In crisis-ridden times, when events like the COVID-19 pandemic, acts of terrorism, and climate change-induced crises are making constant headlines, states, businesses, and individuals alike look to international organizations (IOs) to help them weather the storm. How can the role of IOs be better understood in the context of crisis and crisis management? For a start, it requires a distinction between objective and subjective crisis perspectives in studying IOs. From an objective perspective, IOs are examined as unitary actors that have the aim of contributing to the stability of the international political system. On the other hand, in a subjectivistic approach, IOs’ actual crisis management is the focus. In this perspective, the emphasis is on an IO’s internal life, that is, its perceptions, bureau politics, and decision-making. In the exploration of these issues, IOs can no longer by studied as entities but have to be unwrapped into small groups and individuals, such as members of secretariats or member state’s top politicians. As borne out by theories developed by scholars of crisis management and foreign-policy analysis, centralization and cognitive bias are of special interest in the study of IOs. IOs’ crisis management has four crisis phases and tasks: sense-making, decision-making, meaning-making, and crisis termination. Finally, crises may prove a threat to, or an opportunity for, IOs. Transnational crises may usher in IOs’ foundation and flourishing, or they may contribute to IOs’ demise.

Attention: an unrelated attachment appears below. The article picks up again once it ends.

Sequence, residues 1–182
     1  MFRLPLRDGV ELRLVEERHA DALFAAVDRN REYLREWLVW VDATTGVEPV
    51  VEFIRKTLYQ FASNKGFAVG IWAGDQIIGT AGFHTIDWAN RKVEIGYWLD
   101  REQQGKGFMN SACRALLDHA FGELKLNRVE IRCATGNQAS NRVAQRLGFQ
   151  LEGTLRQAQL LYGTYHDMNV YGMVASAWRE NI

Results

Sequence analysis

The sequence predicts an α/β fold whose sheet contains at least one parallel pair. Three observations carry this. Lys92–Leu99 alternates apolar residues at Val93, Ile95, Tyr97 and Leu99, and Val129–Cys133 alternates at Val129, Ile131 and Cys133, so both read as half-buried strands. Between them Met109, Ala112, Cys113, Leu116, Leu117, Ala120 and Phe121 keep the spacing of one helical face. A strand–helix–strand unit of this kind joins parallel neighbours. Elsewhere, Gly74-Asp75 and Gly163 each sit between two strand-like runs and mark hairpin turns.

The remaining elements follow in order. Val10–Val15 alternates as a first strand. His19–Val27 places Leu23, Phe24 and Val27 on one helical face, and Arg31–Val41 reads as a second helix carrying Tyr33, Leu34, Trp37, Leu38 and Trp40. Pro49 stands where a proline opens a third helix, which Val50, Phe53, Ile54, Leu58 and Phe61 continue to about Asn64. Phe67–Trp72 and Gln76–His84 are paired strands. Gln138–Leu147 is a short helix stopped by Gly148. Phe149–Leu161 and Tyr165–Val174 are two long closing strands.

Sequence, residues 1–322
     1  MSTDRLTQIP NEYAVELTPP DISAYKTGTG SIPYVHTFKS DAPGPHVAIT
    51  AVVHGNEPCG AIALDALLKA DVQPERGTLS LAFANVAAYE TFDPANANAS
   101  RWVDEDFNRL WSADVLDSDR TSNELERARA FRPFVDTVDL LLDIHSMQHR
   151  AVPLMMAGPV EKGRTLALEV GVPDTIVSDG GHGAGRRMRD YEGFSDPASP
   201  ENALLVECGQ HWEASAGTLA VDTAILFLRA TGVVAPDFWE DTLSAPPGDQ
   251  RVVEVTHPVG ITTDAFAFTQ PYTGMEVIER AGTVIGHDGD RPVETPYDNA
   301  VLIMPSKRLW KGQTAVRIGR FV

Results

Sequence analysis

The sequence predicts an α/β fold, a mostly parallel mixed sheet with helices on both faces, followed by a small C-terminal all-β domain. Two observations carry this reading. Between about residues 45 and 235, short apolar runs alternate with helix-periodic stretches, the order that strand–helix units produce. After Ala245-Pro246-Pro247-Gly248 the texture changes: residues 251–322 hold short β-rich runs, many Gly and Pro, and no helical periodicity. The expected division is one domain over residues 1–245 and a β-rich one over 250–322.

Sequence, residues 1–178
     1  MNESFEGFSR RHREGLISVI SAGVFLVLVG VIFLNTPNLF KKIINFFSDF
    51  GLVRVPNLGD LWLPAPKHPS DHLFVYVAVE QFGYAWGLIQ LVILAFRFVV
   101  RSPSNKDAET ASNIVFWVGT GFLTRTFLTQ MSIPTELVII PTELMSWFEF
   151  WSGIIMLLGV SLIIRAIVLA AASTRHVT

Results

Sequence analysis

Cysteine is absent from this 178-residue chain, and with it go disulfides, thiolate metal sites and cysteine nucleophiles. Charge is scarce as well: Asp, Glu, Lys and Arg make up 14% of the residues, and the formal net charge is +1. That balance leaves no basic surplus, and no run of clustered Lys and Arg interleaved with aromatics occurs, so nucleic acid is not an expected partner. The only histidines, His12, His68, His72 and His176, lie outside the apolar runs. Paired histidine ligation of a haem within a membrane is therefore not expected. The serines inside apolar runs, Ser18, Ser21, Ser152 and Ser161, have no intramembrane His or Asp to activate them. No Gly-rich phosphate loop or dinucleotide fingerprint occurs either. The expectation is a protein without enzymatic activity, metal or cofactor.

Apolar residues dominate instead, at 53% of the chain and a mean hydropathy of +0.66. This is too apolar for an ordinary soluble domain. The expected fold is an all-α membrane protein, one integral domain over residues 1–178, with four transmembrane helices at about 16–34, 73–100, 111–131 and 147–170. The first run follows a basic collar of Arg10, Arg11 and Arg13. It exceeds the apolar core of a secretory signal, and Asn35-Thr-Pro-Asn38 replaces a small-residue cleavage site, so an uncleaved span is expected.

Article

It can be difficult for political scientists and economists to know when to use laboratory experiments in their research programs. There are longstanding concerns in economics and political science about the external invalidity of laboratory results. Making matters worse, a number of prominent academics recommend using field experiments instead of laboratory experiments to learn about human behavior because field experiments do not have the same external invalidity problems that plague laboratory experiments. The criticisms of laboratory experiments as externally invalid, however, overlook the many advantages of laboratory experiments that derive from their external invalidity. Laboratory experiments are preferable to field experiments at examining hypothetical scenarios (e.g., When automated vehicles dominate the roadways, what principles do people want their automobiles to rely on?), at minimizing erroneous causal inferences (e.g., Did a treatment produce the reaction researchers are studying?), and at replicating and extending previous studies. Rather than being a technique that should be abandoned in favor of field experiments, political scientists and economists should embrace laboratory experiments when testing theoretically important but empirically unusual scenarios, tracing experimental processes, and reproducing and building on prior experiments.

Article

Seong-Jae Min